Tips for Success:
Job ads

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A well written job ad can have a strong impact in the competition to attract top talent to your organisation. Lots of organisations can be intimidated by the recruitment process, often going to recruitment agencies or worried about competing against organisations with stronger brand recognition, but a clear and well-constructed ad can be just as effective and save your organisation time and money.

According to the research from Seek, most jobseekers spend less then a minute reading a job ad so the information needs to be easy to read, get to the key points about the role and organisation, and have a clear call to action so once a candidate is interested they take the next steps and apply.

A job ad should be clearly different from a position description and a position description should never be used to advertise a role (unless it is done as a link for further information or to address key selection criteria).

 

Title

The job ad needs to begin with a clear title, describing the role and matching similar titles to what is being listed in a job market. Ambiguous titles or titles positioned either higher or lower than the role is within your organisation will attract the wrong kind of applicants. A good title will also appear in more candidate searches and therefore attract more candidates.

Summary

On job boards such as Seek, LinkedIn and Ethical Jobs there is a summary section to highlight the key important details of the role. This is the section where you describe the best parts of the job, asking yourself the question why would the candidate want to work for us? This could include interest and variety in the type of work they do, flexibility or stability in hours, location of organisational culture. Most organisation do not need Google-style set ups to attract candidate just a genuine description of the highlights.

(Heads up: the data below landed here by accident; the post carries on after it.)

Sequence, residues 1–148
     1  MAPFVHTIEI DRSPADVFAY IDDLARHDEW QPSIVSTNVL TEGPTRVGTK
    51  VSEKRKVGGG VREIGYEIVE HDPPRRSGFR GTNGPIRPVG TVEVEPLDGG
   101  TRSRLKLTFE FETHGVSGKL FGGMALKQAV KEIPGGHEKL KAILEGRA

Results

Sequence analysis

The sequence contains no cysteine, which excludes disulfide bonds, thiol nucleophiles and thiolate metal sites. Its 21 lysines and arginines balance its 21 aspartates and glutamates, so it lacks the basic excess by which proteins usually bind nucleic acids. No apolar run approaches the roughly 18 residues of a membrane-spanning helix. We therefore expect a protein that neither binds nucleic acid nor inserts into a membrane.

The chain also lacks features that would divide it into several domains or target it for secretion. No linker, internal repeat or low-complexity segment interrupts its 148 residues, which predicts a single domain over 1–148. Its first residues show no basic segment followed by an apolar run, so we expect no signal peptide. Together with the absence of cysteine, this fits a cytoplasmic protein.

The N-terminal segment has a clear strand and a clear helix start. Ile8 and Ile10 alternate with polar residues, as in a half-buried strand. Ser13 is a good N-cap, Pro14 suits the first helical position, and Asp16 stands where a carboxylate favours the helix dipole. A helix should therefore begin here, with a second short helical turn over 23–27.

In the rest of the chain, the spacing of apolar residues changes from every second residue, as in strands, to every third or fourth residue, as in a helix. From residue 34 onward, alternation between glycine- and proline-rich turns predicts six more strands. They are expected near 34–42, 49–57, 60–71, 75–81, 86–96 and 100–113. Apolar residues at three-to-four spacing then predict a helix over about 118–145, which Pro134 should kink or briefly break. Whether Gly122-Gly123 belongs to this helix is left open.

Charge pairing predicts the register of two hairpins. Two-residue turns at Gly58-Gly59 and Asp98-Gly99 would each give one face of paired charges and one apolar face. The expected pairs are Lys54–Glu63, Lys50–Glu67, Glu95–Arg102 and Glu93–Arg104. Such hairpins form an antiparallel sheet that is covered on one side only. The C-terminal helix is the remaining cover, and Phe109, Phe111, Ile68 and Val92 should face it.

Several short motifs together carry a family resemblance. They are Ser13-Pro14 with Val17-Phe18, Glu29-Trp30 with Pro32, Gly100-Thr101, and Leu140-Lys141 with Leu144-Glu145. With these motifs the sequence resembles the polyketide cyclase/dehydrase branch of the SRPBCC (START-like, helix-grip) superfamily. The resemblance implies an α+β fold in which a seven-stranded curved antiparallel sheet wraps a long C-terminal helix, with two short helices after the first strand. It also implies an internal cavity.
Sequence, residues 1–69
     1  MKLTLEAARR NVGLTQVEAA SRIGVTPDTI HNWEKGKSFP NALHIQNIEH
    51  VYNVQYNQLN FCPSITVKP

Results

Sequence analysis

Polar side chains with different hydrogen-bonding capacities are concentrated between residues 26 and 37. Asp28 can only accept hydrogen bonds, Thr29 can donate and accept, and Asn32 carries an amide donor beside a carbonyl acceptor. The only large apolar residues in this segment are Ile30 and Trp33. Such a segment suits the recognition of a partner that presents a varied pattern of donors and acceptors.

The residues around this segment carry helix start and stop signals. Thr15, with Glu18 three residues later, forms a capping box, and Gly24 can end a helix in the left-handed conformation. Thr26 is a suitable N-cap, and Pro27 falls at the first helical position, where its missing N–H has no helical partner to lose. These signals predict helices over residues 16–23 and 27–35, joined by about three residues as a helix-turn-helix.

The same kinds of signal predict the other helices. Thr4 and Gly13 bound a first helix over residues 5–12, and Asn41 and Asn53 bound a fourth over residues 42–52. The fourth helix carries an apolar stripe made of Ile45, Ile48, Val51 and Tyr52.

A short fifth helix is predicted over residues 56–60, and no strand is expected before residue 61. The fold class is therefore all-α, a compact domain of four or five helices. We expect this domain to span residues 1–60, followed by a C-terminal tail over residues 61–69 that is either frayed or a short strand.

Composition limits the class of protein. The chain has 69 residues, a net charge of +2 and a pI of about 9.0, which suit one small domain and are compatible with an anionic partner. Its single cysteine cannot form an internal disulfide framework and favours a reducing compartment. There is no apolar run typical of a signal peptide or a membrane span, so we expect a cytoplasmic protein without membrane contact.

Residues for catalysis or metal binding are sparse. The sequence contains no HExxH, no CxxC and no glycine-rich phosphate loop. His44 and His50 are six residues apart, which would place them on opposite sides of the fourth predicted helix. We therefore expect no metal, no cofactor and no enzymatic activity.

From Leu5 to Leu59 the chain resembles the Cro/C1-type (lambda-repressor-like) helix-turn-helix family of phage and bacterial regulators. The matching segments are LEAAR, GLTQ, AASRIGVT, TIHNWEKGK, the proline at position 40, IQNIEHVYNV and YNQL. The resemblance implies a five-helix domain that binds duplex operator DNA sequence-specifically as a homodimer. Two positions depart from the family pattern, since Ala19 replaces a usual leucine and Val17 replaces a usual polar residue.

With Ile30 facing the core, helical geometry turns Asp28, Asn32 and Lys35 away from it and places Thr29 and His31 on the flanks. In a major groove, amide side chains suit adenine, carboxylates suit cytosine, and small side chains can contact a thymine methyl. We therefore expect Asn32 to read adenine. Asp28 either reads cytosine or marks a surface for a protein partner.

Format

The sub-headings in job ads can get quite complicated, but the most effective method is to make sure you cover information about the organisation, the role, the skills and experience required, the benefits and a clear call to action. See this Seek article for examples.

 

Headings, spacing and dot points all help for a potential candidate to read the ad clearly and quickly, decide their suitability and prepare to submit an application. When you discuss skills and experience make sure that you do not focus on qualities and attributes as that can often come down to personal opinion compared to demonstrated experience and understanding.

Call to action

In your call to action, be clear to the candidate on whether you want them to also address the selection criteria or any other requirements that need to be attached to their application. Be careful of just asking for a cover letter as candidates often use the same template for different roles and it doesn’t necessarily strengthen your decision on whether to proceed further with their application. Asking them to address a key selection criteria helps you to make a more informed decision. Lastly if you do ask for referees in your application process, make sure they are either supervisors or managers from a previous role (including volunteer roles if it is a first role) so you are able to confirm the details in the application and ensure you have the full picture of the candidate before you proceed to employment.